The above examples assume that people obey copyright law, but outright plagiarism (ignoring copyright law) is a possibility. However, this is a risk that comes with putting material online in any form, whether openly licenced or not.
4.3 Give credit where credit is due
When you download and use Creative Commons-licensed materials you are implicitly accepting a legal contract, so take seriously the requirements of the licence. You are usually required to attribute the author in the manner they specify, so for example you might be required to link to their web site. Often you are required to specify the licence, and it is a good idea to do that anyway.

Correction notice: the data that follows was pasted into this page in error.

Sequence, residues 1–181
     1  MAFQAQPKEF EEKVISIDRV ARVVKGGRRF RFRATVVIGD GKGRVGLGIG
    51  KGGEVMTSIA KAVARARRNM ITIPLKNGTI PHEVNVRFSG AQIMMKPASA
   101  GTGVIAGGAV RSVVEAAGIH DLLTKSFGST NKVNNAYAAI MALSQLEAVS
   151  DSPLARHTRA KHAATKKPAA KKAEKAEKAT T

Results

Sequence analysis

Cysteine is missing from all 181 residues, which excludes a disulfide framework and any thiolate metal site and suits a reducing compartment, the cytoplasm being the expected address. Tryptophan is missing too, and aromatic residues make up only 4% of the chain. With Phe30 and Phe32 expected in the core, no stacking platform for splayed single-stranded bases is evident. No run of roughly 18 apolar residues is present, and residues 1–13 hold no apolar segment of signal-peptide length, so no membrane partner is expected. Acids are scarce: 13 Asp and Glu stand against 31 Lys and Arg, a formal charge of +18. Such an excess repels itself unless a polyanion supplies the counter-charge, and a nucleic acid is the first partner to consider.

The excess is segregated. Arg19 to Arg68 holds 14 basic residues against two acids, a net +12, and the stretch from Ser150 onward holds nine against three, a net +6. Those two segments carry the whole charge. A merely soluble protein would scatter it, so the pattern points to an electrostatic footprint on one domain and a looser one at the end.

Again, since every reader is potentially a remixer, somebody who sees an image in your presentation might want to use the same image in their own works. This is another reason to give an explicit path to that source. So credit the author, the licence, and the site where you found the item, like the examples in Section 3, not just “found via Google” or “found on Wikipedia”.
If you use Creative Commons-licensed images in lecture slides, you can credit the source images in the foot of each slide or in a slide at the end.
 "Recording lectures: legal considerations", a Jisc guide
"Recording lectures and participants’ legal rights – what you should know" University of Manchester
 Joanna Wild & Rowan Wilson (2013) "CC-By: what does it mean for scholarly articles?" Open Access Oxford